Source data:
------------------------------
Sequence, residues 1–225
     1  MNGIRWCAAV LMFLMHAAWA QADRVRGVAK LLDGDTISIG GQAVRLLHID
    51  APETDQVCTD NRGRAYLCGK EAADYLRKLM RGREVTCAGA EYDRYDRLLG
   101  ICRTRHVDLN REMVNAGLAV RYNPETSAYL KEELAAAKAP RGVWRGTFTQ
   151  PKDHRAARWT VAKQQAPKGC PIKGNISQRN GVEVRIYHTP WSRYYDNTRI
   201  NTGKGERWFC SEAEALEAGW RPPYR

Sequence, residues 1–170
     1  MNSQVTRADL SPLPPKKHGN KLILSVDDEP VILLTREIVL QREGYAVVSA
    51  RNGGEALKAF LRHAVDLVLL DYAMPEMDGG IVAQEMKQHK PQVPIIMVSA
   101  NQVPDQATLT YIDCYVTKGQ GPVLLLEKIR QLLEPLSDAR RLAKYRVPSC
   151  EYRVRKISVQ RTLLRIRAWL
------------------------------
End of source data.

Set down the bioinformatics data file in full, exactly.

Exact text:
Sequence, residues 1–225
     1  MNGIRWCAAV LMFLMHAAWA QADRVRGVAK LLDGDTISIG GQAVRLLHID
    51  APETDQVCTD NRGRAYLCGK EAADYLRKLM RGREVTCAGA EYDRYDRLLG
   101  ICRTRHVDLN REMVNAGLAV RYNPETSAYL KEELAAAKAP RGVWRGTFTQ
   151  PKDHRAARWT VAKQQAPKGC PIKGNISQRN GVEVRIYHTP WSRYYDNTRI
   201  NTGKGERWFC SEAEALEAGW RPPYR

Sequence, residues 1–170
     1  MNSQVTRADL SPLPPKKHGN KLILSVDDEP VILLTREIVL QREGYAVVSA
    51  RNGGEALKAF LRHAVDLVLL DYAMPEMDGG IVAQEMKQHK PQVPIIMVSA
   101  NQVPDQATLT YIDCYVTKGQ GPVLLLEKIR QLLEPLSDAR RLAKYRVPSC
   151  EYRVRKISVQ RTLLRIRAWL